November is Diabetes Awareness Month
November has been designated national diabetes awareness month. During this month, communities across our country focus on informing and educating everyone on this health care epidemic. In 2018, there is an emphasis on promoting good health after a gestational diabetic pregnancy. Gestational diabetes is diabetes that occurs during a pregnancy, but goes away (resolves on its own) after the delivery of the child.
Studies have shown, though, that half of all women who experienced gestational diabetes go on to develop diabetes at a later date. Additionally, the children also have a higher risk of developing diabetes during their lifetime. Thus, the emphasis is on close monitoring during the pregnancy; early screening/prenatal care during subsequent pregnancies; healthy eating, and (personal)risk reduction. These initiatives are all important to reduce the occurrence of diabetes in mother, and child in the future.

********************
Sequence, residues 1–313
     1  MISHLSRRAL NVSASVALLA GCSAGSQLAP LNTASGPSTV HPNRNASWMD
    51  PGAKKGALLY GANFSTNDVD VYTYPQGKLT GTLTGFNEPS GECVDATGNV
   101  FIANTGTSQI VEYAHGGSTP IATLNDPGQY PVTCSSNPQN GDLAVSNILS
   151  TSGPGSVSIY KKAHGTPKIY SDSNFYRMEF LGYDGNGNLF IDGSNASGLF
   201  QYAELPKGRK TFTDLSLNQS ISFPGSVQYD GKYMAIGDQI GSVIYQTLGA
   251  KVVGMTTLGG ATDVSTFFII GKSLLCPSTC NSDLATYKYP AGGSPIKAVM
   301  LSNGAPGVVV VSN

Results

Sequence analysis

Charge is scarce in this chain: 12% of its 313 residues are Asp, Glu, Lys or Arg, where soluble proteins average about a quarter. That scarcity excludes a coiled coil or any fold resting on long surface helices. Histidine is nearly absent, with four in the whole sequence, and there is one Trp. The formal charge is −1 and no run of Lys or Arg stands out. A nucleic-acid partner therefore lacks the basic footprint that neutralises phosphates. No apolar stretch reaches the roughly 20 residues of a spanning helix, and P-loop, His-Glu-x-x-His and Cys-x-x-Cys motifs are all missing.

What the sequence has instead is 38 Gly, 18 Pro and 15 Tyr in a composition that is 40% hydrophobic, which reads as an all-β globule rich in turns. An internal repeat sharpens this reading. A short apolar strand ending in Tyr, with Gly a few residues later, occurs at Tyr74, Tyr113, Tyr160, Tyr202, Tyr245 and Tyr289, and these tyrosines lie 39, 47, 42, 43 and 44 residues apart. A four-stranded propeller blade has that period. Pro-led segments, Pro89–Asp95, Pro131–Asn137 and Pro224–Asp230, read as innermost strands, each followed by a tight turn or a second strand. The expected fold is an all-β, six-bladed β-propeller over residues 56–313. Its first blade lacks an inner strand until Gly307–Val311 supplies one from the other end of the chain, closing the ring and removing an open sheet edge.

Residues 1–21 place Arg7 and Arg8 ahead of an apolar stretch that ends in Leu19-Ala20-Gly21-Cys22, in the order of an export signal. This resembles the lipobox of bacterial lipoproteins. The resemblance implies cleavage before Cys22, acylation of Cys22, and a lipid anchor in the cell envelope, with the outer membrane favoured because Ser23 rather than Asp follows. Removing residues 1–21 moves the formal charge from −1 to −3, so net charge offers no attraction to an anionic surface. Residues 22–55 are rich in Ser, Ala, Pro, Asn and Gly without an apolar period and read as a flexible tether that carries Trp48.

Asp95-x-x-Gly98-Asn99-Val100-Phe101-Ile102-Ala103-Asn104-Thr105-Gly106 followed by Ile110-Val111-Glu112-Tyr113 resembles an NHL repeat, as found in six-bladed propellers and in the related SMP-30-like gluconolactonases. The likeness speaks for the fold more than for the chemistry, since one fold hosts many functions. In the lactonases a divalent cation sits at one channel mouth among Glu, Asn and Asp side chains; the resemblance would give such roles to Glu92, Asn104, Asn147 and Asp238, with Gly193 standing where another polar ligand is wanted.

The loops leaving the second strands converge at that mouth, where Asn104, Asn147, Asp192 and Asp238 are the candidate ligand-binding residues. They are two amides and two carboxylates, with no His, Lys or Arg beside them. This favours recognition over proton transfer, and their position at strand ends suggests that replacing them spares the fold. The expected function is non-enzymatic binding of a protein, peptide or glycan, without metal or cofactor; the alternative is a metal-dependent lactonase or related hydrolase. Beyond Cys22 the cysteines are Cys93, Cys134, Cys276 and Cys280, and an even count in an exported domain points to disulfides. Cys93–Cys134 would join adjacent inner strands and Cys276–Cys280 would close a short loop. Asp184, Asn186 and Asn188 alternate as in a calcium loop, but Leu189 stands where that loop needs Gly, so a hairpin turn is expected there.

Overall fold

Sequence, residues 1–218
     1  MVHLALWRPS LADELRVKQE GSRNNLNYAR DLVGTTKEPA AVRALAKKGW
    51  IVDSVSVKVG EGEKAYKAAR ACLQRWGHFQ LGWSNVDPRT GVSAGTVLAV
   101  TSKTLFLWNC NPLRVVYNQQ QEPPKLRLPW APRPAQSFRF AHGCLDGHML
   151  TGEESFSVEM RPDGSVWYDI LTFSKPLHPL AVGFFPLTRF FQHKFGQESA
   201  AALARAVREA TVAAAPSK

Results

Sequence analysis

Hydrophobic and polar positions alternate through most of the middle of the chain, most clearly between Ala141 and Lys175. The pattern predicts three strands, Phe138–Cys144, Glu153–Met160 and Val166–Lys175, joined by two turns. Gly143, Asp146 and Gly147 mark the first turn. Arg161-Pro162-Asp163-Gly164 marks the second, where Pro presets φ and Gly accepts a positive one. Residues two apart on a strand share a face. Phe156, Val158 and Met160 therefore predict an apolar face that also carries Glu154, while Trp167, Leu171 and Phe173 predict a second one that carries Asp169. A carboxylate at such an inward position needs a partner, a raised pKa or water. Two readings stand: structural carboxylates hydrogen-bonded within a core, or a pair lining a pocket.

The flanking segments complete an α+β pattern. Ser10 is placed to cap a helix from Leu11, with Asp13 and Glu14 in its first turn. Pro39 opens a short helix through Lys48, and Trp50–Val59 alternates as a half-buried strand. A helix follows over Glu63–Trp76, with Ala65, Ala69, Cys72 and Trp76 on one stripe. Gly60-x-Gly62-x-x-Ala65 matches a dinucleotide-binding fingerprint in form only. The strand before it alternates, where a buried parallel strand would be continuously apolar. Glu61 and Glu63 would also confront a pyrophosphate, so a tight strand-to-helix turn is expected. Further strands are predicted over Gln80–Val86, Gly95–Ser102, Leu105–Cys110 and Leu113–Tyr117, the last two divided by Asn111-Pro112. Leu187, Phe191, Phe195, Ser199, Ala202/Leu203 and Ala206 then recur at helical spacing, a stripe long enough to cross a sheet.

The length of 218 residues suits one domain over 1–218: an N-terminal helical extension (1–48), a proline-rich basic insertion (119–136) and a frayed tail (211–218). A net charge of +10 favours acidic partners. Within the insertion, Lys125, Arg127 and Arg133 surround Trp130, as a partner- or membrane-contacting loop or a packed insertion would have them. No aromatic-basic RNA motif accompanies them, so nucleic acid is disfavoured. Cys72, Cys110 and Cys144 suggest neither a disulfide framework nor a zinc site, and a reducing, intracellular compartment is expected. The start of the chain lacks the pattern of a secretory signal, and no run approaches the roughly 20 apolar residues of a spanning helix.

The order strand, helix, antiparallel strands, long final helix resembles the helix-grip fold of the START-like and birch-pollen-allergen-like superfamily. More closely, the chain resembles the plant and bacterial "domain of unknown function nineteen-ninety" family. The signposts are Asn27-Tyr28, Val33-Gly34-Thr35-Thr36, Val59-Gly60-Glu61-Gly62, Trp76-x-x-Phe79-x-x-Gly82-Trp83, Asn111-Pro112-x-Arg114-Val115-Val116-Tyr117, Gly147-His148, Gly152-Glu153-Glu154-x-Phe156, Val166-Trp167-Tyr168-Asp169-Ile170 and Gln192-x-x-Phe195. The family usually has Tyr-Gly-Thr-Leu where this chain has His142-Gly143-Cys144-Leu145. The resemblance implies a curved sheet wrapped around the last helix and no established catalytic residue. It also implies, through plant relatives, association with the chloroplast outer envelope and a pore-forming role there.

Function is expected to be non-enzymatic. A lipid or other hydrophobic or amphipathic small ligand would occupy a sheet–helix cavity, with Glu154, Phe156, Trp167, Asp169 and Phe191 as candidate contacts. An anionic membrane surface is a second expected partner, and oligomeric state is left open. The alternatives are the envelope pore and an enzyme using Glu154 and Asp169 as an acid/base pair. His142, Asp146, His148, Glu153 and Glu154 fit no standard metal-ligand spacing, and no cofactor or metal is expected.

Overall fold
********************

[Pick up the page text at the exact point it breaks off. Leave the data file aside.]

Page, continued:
In addition to these national efforts, The International Diabetes Federation is an organization of over 230 national diabetes associations in 170 countries and territories. They are raising awareness of the impact that diabetes has on the entire family; thus, promoting the role of the family in every aspect of diabetes management (care, prevention, and education). Their website notes some very concerning statistics regarding diabetes, from an international focus:
The number of people with diabetes is expected to rise to 522 million by the year 2030.
3 out of 4 people with diabetes live in low to middle income countries.
1 in 2 people with diabetes remain undiagnosed (approximately 212 million people)
80% of the cases of type 2 diabetes is preventable through a healthy lifestyle
The education initiatives being launched in November serve well all year round. On behalf of several organizations, I am proud to list some available resources/ toolkits/ downloads and more for use in the education, prevention, and care management of diabetes. Please feel free to share these links with family, friends, your church, worksite colleagues, and community as a whole. Let us all join forces to address this global health issue.